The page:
Shoulder Labral Tears

Shoulder Labral Tears

The labrum is a ring of elastic cartilage around the edge of the glenoid (shoulder socket). It acts as a container for the humeral head and essentially deepens the socket, wile creating a suction seal of the joint to increasestability. Labral tears may be caused by falls or collisions, often in sports. However, they may also be caused by repetitive activites  or overuse. This type of repetitive injury is especially common in sports that involve throwing, swimming or lifting, but may also also occur in day-to-day life. Detachment lesions in the superior labrum, anterior to posterior (SLAP tears) are particularly common in overhead sports such as tennis or baseball. Symptoms of SLAP tears may include popping, catching or clicking within the shoulder, pain when reaching overhead or throwing, or simply a deep ache inside the should joint.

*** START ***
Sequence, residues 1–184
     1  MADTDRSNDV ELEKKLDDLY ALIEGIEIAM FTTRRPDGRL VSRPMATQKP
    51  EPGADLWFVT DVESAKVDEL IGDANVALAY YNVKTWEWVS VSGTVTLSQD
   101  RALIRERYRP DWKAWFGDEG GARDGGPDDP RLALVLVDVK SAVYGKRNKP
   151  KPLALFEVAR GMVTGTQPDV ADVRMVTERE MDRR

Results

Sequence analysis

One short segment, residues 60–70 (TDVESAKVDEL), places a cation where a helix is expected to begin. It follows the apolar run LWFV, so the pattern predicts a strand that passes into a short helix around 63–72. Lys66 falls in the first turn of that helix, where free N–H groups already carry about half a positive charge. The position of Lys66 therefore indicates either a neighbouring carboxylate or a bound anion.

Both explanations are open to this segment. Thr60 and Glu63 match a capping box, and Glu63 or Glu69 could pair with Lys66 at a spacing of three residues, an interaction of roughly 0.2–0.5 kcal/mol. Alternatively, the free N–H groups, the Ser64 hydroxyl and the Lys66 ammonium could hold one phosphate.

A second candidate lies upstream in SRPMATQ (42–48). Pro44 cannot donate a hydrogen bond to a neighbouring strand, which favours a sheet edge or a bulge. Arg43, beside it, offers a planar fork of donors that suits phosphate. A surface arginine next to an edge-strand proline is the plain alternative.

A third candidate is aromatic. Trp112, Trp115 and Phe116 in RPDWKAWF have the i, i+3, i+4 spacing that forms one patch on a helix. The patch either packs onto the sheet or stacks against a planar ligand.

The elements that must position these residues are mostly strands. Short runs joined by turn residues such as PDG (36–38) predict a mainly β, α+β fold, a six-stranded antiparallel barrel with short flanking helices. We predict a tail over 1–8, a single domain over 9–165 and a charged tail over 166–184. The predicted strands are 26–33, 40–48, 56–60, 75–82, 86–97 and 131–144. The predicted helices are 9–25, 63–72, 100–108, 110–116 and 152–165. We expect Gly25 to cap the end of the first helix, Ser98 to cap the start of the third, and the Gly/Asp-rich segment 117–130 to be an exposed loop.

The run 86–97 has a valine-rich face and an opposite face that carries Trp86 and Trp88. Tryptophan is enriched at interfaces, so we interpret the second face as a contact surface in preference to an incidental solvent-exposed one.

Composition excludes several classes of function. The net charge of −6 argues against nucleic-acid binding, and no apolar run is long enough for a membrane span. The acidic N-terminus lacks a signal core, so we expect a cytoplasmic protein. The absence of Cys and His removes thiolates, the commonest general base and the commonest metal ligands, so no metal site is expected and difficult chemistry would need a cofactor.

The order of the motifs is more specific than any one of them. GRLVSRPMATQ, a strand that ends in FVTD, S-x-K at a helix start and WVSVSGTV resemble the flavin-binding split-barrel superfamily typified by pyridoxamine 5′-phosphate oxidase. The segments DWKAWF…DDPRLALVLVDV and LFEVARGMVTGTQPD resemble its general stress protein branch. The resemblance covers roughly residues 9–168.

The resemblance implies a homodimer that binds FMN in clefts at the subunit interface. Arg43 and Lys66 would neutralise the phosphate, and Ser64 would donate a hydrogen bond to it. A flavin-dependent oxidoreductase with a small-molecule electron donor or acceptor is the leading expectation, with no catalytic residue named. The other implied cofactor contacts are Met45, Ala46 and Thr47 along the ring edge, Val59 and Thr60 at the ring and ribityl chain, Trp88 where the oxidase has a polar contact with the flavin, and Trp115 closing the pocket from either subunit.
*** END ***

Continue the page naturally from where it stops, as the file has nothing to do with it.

Treatment of labral tears or SLAP tears almost always initially consists of non-surgical, conservative measures such as physical therapy, ice, anti-inflammatory medications and rest. If the patient fails to improve with conservative measures, surgery may be used to repair the torn portion of the labrum. An arthroscopic approach is almost exclusively used by Dr. Domb.

In arthroscopic labral repair, the torn labrum is sewn back to the edge of the glenoid socket using sutures. Dr. Domb continues to research the most advantageous methods of repair, and his innovations have been published in the journal Arthroscopy, one of the most prestigious journal in Orthopedic Surgery.

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Recovery

Shoulder arthroscopy is generally an outpatient procedure. The averagepostoperative course involves 2-6 weeks in a shoulder sling to protect the work done on the shoulder. A sling may be required for 6 weeks if the shoulder's condition requires a more extensive surgery. Most patients begin physical therapy 2-6 weeks after surgery. Patient's return to work is extremely variable  after their procedure, depending on their surgery and their work type. Athletes can expect to return to sports between 6 months and 1 year after surgery. High-level athletes participate in an intense physical therapy course after surgery, gradually increasing their workout intensity